Heather Cordasco stresses community ties in her bid for House of Delegates seat
Written by Amelia Lucas|
October 31, 2017
“You don’t run against someone. You run your race,” Heather Cordasco, the Republican House of Delegates candidate for District 93, said about challenging incumbent Delegate Mike Mullin in the Nov. 7 election.
Cordasco’s race involves stressing her ties to the community and volunteer experiences as well as focusing on issues related to education, small businesses and transportation. Her resume is extensive, with volunteer and community work experiences that range from the American Red Cross to the New Horizons board to the League of Women Voters to the Federal Bureau of Investigation Citizens’ Academy.
Cordasco said that widespread experience has given her both a broad view of the Commonwealth and a more specific perspective on local communities. Her family has resided on the Peninsula since 1993 and moved to James City County in 2004. It was her four-year term as vice chair of the Williamsburg-James City County School Board from 2012-2015 that inspired her to enter politics.
I discovered while I was on the school board that I had a love for policy, and that policy helps to change a lot of things in our community,” Cordasco said.
“I discovered while I was on the school board that I had a love for policy, and that policy helps to change a lot of things in our community,” Cordasco said. “A lot of the stuff that affects the 93rd district comes from Richmond, and I want to be part of those decisions.”
Cordasco previously ran against and lost to Mike Mullin in the 2016 special election by 2,783 votes. She earned 46.2 percent of the vote. The last Republican to win District 93 was Delegate Mike Watson, who lost the seat to current Virginia Senator Monty Mason ’89 in 2013.
Cordasco praised her campaign team, talking about the team members’ work ethic and dedication to issues that she believes the district cares about. She said she has received support from College of William and Mary students, and her campaign team includes students as well.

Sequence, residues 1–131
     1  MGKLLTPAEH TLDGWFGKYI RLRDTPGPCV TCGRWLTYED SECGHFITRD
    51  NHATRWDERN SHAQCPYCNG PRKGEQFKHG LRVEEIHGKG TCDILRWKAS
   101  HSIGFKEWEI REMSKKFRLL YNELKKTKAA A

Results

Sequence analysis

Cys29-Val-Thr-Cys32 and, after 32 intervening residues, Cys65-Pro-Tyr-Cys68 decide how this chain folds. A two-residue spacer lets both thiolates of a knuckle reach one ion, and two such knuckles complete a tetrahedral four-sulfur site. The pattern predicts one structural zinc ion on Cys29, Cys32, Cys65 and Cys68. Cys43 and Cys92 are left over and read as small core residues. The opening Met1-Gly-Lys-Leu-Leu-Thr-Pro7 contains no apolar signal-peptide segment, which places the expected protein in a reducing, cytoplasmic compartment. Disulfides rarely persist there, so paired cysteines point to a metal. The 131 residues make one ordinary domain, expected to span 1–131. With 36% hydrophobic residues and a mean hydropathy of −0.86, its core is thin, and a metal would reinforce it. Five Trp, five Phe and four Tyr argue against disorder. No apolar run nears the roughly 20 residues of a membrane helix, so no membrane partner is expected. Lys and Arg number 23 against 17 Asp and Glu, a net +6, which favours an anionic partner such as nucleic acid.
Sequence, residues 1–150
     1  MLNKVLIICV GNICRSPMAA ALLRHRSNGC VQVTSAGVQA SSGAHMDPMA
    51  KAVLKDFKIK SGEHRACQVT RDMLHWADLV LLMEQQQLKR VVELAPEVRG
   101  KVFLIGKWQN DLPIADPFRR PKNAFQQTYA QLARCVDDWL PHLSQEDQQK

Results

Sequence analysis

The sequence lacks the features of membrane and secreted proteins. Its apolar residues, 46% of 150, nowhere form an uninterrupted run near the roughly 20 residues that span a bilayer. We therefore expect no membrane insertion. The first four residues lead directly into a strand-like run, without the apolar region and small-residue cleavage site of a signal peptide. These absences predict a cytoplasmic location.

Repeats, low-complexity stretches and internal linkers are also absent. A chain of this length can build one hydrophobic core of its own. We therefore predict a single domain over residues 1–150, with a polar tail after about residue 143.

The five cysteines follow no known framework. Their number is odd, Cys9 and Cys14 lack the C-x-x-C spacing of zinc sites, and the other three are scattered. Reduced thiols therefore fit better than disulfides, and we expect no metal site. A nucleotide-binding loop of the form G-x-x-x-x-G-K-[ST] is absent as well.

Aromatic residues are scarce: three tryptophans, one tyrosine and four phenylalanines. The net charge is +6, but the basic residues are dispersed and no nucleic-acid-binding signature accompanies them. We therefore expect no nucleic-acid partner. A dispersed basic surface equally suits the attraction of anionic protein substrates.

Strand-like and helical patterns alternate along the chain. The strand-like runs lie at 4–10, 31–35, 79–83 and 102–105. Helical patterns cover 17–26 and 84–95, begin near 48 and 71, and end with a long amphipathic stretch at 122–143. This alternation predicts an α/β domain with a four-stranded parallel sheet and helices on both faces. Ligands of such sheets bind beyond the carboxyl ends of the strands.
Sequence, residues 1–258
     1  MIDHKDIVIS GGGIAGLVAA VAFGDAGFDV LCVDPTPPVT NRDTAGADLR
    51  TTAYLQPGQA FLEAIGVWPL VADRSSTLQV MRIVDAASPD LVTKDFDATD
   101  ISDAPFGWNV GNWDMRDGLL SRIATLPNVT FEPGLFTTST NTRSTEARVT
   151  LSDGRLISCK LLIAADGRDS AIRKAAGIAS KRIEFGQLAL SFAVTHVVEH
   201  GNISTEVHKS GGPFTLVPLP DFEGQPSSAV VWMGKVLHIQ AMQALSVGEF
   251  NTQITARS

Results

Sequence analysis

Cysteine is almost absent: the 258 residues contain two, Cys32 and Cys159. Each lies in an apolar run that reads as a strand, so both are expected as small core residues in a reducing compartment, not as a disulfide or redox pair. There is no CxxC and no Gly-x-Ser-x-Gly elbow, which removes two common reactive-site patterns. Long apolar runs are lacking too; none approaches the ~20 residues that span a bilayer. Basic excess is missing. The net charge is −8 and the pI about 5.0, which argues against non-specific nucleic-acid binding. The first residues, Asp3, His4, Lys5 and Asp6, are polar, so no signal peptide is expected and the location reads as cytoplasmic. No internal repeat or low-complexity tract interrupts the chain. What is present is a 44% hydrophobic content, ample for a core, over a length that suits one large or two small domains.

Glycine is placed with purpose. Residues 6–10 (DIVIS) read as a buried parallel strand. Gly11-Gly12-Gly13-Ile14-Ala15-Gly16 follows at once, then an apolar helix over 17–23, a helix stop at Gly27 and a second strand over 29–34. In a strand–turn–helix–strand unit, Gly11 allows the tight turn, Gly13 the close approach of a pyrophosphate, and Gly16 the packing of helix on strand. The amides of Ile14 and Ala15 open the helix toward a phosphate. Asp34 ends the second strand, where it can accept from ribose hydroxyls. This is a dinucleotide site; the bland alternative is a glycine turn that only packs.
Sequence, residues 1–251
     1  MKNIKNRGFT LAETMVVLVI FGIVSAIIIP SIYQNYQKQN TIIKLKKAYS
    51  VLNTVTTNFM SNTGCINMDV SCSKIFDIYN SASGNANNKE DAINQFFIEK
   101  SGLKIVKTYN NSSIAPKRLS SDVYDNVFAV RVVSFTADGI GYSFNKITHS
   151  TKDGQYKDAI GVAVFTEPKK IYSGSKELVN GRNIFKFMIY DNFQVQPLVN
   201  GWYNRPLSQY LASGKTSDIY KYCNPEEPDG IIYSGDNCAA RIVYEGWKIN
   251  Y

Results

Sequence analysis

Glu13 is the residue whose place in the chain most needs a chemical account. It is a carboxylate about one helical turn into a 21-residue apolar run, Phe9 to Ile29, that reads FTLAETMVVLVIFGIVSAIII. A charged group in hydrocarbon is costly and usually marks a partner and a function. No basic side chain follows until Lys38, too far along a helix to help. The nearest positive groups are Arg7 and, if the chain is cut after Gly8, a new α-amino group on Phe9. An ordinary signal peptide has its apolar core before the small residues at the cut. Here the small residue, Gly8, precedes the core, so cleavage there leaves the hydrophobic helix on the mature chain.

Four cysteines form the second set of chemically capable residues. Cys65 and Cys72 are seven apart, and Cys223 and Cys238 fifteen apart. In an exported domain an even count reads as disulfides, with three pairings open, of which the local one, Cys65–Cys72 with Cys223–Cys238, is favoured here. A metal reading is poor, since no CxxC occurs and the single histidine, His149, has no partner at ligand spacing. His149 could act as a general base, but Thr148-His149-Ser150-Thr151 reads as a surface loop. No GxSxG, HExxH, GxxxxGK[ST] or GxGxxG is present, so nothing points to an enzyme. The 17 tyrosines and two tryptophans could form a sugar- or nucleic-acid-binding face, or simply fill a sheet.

Education continues to influence Cordasco’s platform significantly. She wants to ensure that Virginia’s education system guarantees that students will graduate with the tools necessary to find jobs.
“To me, it’s kind of like a three-legged stool,” she said. “You want an educational system that has a lot of option and diversity, certainly two and four-year colleges, but also certifications and trades. We need to teach technical skills that are involved in things like advanced manufacturing and even coding.”
Cordasco also wants to address building and running small businesses with “reasonable” regulations and a tax structure that helps small businesses operate with relative ease. From knocking on doors, she has heard from citizens concerned about how reliant Williamsburg and James City County is on the tourism and service industries.
“They can’t live where they work,” she said. “They also aren’t provided with significant salaries or benefits. We really do need to have some different job options. That’s something that I hear about a lot.”
Another key component of her platform includes improving transportation and transit systems. Cordasco marks the completion of the final 23 miles of the I-64 project as a priority. Another major transportation issue she wants to address is the Hampton Roads Bridge-Tunnel backup; the Federal Highway Administration officially decided in June to expand the HRBT.
Our construction is great, it’s moved along quickly, and it’s good that we got something done, but a lot of neighborhoods that I walk in still have a lot of challenges with overflow from traffic,” Cordasco said.
“Our construction is great, it’s moved along quickly, and it’s good that we got something done, but a lot of neighborhoods that I walk in still have a lot of challenges with overflow from traffic,” Cordasco said.
As a mother of college-aged children, Cordasco shared her concerns about the rising tuition and fees of Virginia public colleges. She graduated with an English degree from Nyack College in New York.
“I’m very concerned with that indebtedness,” Cordasco said. “With the public colleges, that is something that the General Assembly could have some say in.”
Advocating for more options outside of the four-year college track, another focus of her campaign would also reduce student debt and help graduates find jobs more easily after they receive their diplomas or certificates.
Speaking of debt, Cordasco said that she wants to help the financial situation of the Colonial Williamsburg Foundation. The foundation’s CEO announced this summer that it ended 2016 with more than $300 million of debt and began a comprehensive attempt to reduce costs that included shutting down Kimball Theatre. The College signed a lease with Colonial Williamsburg to operate the theater shortly after that announcement.